If you’re getting sick, it’s going to be more along the tune of 9 hours if you’re feeling great, and maybe it’s closer to 7 hours. We need that as human beings to function at our best. And with less than 7 hours of sleep, objective impairments can be measured. And here’s something super interesting too. Every waking moment, we are undergoing very mild brain damage.


Then the brain repairs itself while asleep. I don’t know about you, but I want my brain to be repairing that brain damage every night. I want to get the amount of sleep that is needed for our brain to do this. Also, the brain and body detox while we sleep. And we spent a lot of time earlier talking about toxins and the need to detox.


So let’s let our body do what it is naturally designed to do. And if we get enough sleep, it can do that. Another point to note is if we’re eating dinner too close to bedtime and digestion hasn’t finished when we go to bed. So, we eat dinner and go to bed because that’s the schedule that we’ve created for ourselves. We’re in digestion mode, which means the body can’t go into detox mode because digestion trumps everything.


So ideally, you want to eat dinner two to 3 hours before bed, so digestion is completed by the time you lie down to go to sleep so that you can then get into a deep, restorative sleep. Now, the other thing that’s important to know, is that cortisol and melatonin are inverse hormones. So, we’ve talked about cortisol. What’s happening in the stress state? Now, you know, the body does produce cortisol every single day.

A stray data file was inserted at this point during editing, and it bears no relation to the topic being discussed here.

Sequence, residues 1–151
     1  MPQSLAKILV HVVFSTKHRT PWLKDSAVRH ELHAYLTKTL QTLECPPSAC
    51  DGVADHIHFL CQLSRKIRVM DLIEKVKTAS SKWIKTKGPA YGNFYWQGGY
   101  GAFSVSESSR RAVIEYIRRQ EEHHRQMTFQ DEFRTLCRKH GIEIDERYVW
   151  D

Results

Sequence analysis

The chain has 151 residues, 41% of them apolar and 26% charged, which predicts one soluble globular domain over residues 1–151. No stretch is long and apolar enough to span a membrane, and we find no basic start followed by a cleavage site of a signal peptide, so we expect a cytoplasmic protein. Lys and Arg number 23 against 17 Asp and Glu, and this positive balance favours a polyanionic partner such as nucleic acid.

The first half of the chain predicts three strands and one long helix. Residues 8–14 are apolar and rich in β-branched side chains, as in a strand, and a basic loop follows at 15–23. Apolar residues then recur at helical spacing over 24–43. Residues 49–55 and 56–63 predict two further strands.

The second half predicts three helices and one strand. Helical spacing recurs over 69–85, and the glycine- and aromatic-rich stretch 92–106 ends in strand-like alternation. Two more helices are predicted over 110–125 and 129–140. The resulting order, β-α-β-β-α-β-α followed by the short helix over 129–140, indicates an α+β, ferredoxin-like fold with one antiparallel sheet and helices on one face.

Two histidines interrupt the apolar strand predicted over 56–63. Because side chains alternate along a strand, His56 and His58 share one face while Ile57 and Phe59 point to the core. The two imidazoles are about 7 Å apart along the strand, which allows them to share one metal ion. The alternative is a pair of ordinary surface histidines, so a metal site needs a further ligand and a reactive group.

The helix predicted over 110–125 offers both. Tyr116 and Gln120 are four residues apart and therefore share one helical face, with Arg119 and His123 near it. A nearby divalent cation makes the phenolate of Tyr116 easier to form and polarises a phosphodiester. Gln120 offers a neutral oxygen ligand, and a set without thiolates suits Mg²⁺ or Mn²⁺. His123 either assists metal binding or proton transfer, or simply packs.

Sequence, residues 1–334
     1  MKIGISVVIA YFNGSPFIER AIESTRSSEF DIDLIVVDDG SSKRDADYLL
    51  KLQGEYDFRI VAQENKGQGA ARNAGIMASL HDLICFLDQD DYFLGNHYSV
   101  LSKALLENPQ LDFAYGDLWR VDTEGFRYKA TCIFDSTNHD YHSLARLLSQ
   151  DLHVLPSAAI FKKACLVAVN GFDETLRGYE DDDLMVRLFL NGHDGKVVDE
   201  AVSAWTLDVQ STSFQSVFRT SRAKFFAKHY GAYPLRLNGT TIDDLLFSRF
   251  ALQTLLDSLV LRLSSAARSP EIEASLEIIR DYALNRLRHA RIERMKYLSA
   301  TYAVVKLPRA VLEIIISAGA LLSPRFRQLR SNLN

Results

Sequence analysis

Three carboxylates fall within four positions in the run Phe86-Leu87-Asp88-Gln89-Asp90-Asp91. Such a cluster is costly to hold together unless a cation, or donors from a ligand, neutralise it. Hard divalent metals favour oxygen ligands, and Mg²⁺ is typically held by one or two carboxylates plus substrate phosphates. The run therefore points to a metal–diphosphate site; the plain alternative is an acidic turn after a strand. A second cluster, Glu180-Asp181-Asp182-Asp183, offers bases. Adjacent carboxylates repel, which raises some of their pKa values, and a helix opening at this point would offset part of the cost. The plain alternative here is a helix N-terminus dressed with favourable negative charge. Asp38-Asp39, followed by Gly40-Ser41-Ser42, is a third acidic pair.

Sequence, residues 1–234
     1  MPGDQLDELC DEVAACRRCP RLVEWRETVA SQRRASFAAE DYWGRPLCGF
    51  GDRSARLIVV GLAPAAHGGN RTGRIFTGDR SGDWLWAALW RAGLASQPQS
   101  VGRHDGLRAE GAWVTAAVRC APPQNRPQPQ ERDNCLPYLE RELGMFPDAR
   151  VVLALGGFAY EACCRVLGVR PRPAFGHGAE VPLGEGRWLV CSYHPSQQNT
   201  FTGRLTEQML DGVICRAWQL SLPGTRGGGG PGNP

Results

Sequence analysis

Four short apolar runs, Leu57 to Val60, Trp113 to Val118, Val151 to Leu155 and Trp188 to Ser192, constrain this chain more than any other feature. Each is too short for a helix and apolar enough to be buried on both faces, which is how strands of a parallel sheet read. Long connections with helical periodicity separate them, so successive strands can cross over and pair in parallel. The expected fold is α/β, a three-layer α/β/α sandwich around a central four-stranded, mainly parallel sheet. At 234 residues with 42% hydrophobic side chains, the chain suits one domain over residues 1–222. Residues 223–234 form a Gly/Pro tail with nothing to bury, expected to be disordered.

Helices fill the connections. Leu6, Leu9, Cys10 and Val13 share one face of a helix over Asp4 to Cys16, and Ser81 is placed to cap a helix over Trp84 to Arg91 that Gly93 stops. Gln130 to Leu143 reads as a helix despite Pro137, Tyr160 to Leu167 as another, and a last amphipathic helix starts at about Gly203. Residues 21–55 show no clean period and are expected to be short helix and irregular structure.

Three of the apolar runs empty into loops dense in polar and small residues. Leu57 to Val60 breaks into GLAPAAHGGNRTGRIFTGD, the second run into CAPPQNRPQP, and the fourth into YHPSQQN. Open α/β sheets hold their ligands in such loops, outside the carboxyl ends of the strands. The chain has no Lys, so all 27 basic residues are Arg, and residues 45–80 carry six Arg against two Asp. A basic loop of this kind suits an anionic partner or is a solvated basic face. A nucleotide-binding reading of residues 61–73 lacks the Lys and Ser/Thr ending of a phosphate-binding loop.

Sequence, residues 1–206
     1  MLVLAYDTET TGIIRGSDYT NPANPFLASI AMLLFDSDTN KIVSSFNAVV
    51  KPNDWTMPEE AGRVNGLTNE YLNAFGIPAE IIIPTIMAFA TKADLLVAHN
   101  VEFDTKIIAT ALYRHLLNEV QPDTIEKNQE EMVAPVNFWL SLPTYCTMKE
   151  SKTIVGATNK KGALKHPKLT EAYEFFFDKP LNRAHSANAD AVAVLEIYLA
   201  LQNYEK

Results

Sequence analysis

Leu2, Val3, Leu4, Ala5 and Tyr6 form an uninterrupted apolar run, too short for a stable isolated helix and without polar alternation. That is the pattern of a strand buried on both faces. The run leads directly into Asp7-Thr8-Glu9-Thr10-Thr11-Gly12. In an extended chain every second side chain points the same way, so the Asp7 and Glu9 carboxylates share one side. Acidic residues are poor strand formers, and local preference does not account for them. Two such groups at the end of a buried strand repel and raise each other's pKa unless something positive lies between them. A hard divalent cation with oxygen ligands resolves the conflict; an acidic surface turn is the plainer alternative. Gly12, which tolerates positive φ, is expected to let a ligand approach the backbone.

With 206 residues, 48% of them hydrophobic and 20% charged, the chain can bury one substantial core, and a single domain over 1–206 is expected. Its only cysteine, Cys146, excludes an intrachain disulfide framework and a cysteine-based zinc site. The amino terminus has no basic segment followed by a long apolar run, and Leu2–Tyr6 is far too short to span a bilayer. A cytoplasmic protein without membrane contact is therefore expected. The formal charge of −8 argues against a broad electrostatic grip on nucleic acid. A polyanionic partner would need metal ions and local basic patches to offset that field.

It’s highest in the morning, we’re waking up. We need energy for our day, and cortisol is helping provide that. And we want it. It is naturally lowest at night because now we’re getting into sleep mode. When cortisol is at its lowest, that allows melatonin is at its highest, which is what we need for that deep, restorative sleep.


If our body isn’t calming because we’re in that chronic stress state in the evening, then the body’s not producing enough melatonin. We can’t get into a deep, restorative sleep. 70 million North Americans struggle with sleep. A huge piece of that is stress. Another factor of that is the screens that we’re looking at all day long, every day, which was not an issue 50 years ago, but is very much an issue today because our screens are emitting blue light.


Blue light is the light that we get into our eyes at high noon. So blue light coming into our eyes from our screen in the evening is simply telling our brain that it’s high noon. It doesn’t need to start producing Melatonin to get ready for sleep because it’s the middle of the day. That’s what the brain knows. What we have to do is counter that and we can do that quite easily on our devices.